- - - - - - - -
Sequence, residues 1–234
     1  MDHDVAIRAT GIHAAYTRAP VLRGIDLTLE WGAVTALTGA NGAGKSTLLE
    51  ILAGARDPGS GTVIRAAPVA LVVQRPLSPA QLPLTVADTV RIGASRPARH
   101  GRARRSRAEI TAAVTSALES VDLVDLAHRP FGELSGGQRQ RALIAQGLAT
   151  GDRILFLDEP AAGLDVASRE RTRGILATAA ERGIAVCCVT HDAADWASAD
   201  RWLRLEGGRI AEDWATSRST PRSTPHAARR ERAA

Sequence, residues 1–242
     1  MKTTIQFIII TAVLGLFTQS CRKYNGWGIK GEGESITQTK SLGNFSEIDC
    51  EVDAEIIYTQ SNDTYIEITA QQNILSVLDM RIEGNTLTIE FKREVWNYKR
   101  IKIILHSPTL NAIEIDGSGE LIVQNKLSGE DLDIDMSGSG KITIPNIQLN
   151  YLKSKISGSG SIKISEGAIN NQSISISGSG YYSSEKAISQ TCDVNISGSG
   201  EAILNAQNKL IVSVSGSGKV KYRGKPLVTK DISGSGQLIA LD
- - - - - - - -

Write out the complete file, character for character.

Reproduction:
Sequence, residues 1–234
     1  MDHDVAIRAT GIHAAYTRAP VLRGIDLTLE WGAVTALTGA NGAGKSTLLE
    51  ILAGARDPGS GTVIRAAPVA LVVQRPLSPA QLPLTVADTV RIGASRPARH
   101  GRARRSRAEI TAAVTSALES VDLVDLAHRP FGELSGGQRQ RALIAQGLAT
   151  GDRILFLDEP AAGLDVASRE RTRGILATAA ERGIAVCCVT HDAADWASAD
   201  RWLRLEGGRI AEDWATSRST PRSTPHAARR ERAA

Sequence, residues 1–242
     1  MKTTIQFIII TAVLGLFTQS CRKYNGWGIK GEGESITQTK SLGNFSEIDC
    51  EVDAEIIYTQ SNDTYIEITA QQNILSVLDM RIEGNTLTIE FKREVWNYKR
   101  IKIILHSPTL NAIEIDGSGE LIVQNKLSGE DLDIDMSGSG KITIPNIQLN
   151  YLKSKISGSG SIKISEGAIN NQSISISGSG YYSSEKAISQ TCDVNISGSG
   201  EAILNAQNKL IVSVSGSGKV KYRGKPLVTK DISGSGQLIA LD